With the coronavirus pandemic still raging in Southern California, the 2021 Rose Parade was officially canceled Wednesday, but the fate of the Rose Bowl Game remains in limbo.
“The health and well-being of our parade participants and guests, as well as that of our volunteer members, professional staff and partners, is our number one priority,” Bob Miller, president of the Pasadena Tournament of Roses Association said in a statement. “Obviously this is not what any of us wanted, and we held off on announcing until we were absolutely sure that safety restrictions would prevent us from continuing with planning for 132nd Rose Parade.”
It’s only the fourth time since 1891 that the parade has been canceled, with the three previous cancellations occurring during the wartime years of 1942, 1943 and 1945.
Although the New Year’s Day tradition was technically still months away, planning for the elaborate floral floats that highlight the event — and arranging for the often international travel of participating marching bands and equestrian groups — is a nearly yearlong process, necessitating an early decision on whether to hold the event. Tournament of Roses officials noted that the state’s economic-reopening guidelines appear to be a long way off from permitting large public gatherings such as a parade.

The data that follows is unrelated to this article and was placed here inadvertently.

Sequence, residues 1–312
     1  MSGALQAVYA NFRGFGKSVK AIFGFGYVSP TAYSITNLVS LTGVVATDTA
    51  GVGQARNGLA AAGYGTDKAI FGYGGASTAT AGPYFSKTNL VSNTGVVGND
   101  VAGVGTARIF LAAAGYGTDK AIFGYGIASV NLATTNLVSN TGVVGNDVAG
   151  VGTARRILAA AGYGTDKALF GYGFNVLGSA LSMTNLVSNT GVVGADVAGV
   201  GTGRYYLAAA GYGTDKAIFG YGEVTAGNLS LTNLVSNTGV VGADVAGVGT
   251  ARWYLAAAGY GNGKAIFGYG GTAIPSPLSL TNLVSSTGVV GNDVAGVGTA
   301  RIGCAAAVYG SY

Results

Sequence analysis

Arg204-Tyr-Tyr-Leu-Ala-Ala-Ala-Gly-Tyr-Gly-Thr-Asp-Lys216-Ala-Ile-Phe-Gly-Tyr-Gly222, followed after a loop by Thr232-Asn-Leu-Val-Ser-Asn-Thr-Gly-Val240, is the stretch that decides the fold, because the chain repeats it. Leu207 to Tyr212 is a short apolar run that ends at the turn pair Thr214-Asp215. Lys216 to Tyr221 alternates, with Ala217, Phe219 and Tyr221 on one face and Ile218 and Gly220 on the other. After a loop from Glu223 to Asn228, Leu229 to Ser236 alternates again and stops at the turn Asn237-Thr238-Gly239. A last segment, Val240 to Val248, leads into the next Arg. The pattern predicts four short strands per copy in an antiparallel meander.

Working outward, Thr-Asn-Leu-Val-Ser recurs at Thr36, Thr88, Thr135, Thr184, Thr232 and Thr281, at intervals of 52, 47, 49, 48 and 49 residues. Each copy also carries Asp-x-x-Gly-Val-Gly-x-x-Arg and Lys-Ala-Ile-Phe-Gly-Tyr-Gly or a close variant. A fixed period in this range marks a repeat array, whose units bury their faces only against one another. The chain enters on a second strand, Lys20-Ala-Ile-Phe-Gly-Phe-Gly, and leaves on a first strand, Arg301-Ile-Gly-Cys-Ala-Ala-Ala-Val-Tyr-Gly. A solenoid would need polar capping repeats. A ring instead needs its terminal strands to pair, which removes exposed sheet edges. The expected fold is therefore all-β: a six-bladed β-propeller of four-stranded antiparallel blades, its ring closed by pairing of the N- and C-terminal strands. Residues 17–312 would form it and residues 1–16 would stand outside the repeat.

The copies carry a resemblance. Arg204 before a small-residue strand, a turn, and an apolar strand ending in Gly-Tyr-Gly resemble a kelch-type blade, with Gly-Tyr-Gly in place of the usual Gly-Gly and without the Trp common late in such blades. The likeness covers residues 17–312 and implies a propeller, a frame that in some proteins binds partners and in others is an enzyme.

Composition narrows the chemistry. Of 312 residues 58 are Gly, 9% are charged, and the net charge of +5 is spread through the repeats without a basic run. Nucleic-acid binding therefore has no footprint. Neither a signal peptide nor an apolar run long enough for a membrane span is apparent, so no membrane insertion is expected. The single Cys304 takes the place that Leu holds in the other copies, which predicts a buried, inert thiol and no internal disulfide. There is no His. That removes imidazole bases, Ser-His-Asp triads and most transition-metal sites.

David Eads, Tournament of Roses executive director/CEO, said planning is continuing for the Rose Bowl Game, but uncertainty still looms over the college football season.
“We continue to work with the College Football Playoff and our collegiate partners to explore what this year’s college football season will look like amidst COVID-19 and social distancing guidelines,” Eads said in a statement. “While the safety and well-being of the student athletes, university personnel and fans is our top priority, we remain hopeful that the `Granddaddy of Them All’ will take place on New Year’s Day.”
Pasadena Mayor Terry Tornek called the decision “extremely disappointing.”
“However, we also know that we must act responsibly to protect our community in the face of the COVID-19 pandemic,” Tornek said. “We look forward to working with the Pasadena Tournament of Roses on their re-imagined New Year celebration, as well as the return of the Rose Parade on January 1, 2022.”
Tournament of Roses officials said they are working to develop plans for a “new kind of New Year celebration” for fans of the annual parade.
“Each year, the country turns its eyes to Pasadena for America’s New Year celebration and we plan to deliver on that important promise,” Eads said. “We may not be able to host our traditional five-mile march down Colorado Boulevard, but we are exploring new and safe ways we can collectively share in the celebration, and we look forward to announcing further details about our exciting new plans in the coming weeks.”
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